Having said that, I think Ambedkar’s formula for marginalised sections — that of economic empowerment — is equally applicable to others. Not for no reason had he appealed to the young members of the Scheduled Castes that they had to become job creators through economic enterprise. This is applicable for the minority community as well. Besides, this government has done wonderful work for economic empowerment of the Muslims and other marginalised sections.

The ‘liberal’ voice within the intelligentsia has a lot of apprehensions with the kind of mandate the BJP has got. What’s your message for them?

I would only say that please remove your blinkers and look at the performance of the Modi government and do justice to whatever the government has done. Unfortunately, PM Modi is more sinned against than sinning and he has been a victim of misperception wantonly created by a section of the media and intelligentsia. Which is why, a certain section is not doing justice to the work he has done and resolutely achieved in his first term. I believe if one does an objective performance audit of the government, there would be many things one would find worth praising.

The 2019 mandate has also pushed dynasty-based political outfits to the margins. How do you look at their positions?

The point they have perhaps missed is the changing contour of Indian politics. If today you’re continuing with discussions that Jatavs or Vokkaliggas would vote this way, this is abysmally wrong... Such identity based political outfits should be working for every strata of society and every geographical region.

You’ve been party in-charge for Madhya Pradesh. Will the Kamal Nath government stay in power?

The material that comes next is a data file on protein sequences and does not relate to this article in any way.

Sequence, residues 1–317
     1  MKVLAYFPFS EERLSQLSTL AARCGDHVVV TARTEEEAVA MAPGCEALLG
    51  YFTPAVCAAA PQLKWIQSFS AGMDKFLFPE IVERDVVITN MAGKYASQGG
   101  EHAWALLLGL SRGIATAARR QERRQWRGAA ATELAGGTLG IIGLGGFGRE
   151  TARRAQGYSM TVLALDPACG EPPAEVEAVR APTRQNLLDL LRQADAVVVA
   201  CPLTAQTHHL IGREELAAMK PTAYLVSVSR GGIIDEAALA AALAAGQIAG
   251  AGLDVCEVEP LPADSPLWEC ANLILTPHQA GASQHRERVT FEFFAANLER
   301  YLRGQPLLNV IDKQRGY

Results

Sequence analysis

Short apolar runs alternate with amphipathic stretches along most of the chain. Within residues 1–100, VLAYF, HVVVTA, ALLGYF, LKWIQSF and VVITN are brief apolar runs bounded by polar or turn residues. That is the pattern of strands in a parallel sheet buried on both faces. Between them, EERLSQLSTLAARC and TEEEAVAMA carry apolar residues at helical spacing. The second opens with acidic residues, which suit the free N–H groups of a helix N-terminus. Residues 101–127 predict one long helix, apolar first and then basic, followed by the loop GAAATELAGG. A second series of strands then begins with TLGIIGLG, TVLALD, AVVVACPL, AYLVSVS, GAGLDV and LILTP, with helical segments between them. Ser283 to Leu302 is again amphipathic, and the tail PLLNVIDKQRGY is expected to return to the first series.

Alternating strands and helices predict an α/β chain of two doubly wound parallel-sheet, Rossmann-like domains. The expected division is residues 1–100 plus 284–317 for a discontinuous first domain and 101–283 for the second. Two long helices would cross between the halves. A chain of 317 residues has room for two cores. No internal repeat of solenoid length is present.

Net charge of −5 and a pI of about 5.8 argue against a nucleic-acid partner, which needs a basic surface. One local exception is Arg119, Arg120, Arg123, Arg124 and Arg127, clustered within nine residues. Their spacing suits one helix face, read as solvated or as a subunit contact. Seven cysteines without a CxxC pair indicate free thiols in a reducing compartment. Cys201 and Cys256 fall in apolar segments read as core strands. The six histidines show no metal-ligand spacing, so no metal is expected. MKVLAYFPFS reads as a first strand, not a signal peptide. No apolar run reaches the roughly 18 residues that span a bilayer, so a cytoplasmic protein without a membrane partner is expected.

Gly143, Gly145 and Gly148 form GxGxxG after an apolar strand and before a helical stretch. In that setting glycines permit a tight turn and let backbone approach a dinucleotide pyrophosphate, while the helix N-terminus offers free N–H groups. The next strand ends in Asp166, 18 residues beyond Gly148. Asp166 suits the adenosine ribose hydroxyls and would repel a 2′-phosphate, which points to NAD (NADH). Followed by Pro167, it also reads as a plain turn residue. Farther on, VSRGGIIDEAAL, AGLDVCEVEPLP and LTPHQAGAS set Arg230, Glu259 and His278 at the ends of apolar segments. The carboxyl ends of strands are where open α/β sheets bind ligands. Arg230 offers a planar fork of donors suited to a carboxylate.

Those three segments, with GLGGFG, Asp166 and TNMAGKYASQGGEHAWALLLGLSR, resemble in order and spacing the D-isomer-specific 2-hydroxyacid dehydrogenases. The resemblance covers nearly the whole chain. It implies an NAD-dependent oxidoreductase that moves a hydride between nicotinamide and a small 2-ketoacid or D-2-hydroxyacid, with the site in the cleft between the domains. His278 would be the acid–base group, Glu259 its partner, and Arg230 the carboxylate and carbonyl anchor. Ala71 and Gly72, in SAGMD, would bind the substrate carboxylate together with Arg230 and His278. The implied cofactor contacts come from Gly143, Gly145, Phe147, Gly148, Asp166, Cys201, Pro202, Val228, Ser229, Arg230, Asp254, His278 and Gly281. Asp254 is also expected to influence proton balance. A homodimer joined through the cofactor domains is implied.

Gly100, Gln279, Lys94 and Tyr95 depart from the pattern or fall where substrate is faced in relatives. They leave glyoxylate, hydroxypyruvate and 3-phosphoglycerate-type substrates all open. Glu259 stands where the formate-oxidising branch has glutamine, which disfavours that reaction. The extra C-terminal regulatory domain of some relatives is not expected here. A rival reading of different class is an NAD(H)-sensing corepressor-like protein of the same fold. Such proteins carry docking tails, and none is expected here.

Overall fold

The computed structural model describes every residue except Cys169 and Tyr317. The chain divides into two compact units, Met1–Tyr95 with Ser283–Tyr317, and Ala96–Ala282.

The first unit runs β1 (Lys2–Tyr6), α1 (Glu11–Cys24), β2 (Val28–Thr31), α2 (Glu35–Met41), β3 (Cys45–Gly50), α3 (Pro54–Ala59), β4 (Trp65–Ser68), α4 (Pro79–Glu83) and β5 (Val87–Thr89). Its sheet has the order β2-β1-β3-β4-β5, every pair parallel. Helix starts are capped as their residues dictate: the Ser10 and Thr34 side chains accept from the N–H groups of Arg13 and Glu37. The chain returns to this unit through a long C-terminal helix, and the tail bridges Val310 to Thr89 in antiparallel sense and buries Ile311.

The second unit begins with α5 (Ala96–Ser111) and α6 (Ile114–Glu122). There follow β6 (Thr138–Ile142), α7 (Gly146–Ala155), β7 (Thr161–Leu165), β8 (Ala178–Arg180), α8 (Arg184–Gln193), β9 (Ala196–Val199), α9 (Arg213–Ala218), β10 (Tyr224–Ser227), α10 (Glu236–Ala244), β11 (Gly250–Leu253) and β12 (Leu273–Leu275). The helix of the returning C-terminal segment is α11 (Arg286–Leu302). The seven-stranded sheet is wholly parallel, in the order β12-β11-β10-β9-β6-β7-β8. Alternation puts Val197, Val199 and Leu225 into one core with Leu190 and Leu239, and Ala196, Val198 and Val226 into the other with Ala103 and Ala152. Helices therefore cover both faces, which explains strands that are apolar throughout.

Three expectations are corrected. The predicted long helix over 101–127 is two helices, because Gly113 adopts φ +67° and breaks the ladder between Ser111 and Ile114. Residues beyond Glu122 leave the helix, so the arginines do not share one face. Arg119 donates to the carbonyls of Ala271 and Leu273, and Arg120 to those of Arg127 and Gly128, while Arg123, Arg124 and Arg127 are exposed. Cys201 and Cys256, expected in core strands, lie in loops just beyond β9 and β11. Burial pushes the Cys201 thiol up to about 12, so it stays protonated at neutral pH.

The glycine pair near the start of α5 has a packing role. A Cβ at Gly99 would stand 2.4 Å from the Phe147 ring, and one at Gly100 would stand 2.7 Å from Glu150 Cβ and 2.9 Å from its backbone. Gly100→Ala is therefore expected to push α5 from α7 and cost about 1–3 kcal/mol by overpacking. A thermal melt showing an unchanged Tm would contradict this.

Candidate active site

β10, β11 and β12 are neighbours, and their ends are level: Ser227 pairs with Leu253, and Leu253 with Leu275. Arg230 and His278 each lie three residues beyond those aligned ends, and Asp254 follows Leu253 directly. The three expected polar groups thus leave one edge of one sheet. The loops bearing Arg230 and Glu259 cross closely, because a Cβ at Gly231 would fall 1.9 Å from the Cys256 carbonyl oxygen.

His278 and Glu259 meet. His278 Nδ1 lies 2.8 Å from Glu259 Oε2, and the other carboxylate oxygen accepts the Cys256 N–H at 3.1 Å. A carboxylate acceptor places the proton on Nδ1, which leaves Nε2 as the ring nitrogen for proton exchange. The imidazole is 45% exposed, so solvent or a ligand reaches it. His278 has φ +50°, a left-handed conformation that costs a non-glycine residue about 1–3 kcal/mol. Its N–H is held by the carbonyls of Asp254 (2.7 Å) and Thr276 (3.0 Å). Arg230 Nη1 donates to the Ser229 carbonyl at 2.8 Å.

The Kamal Nath government came to power with a wafer-thin majority. The performance of this government isn’t satisfactory, whether it’s waving the farm loans or giving unemployment doles. Law and order situation is also not good. Their performance doesn’t create confidence in the minds of the people. That is why people have given a resounding mandate to the BJP (in the Lok Sabha polls). Anything can happen. 

Has Sadhvi Pragya Singh Thakur’s victory vindicated the BJP’s stand on the issue of ‘Hindu terrorism’?

It was a symbolic fight in the face of vote bank politics which created a case in which Sadhvi Pragya Singh Thakur was implicated. 

The Congress, particularly Digvijaya Singh, in their pursuit to gain from vote bank politics, sought to put the blame on other sections of society for terrorism. Out of this mindset, they created the slogan of ‘Hindu terrorism’ and Pragya Thakur went through the kind of ordeal which is an example of how innocent people were tried in fabricated cases... Her decisive win has busted the conspiracy of ‘Hindu terrorism’.

What’s your wish list of reforms in agriculture?

The Prime Minister and his government are acutely conscious that so much of reform works which are already in the pipeline would improve the situation in agriculture. The sector requires many more reforms in the field of irrigation, agri-based businesses which are already on the agenda of the government.

The BJP’s Sankalp Patra talks of Rs 100 lakh crore investment in infrastructure and Rs 25 lakh crore in agriculture. Are these figures realistic?

These are matters of detail. It may happen in phases as well. The manifesto is for five years and there is every reason to believe that practical calculations must have gone behind the figures mentioned in the Sankapl Patra.

Would there be changes in the BJP after the massive verdict?

Change is the only constant in human life. With the installation of the new government, there would be some changes within the BJP as well.

You’re heard within the party on foreign policy issues. What are your expectations?

We have said in so many words in our manifesto that India has been asking for greater democratisation of world bodies, including the United Nations so that the voices of the developing countries gain more prominence. In the last five years under the Modi government, India has marched ahead on development diplomacy in the field of international solar alliance and climate change and it may continue doing so.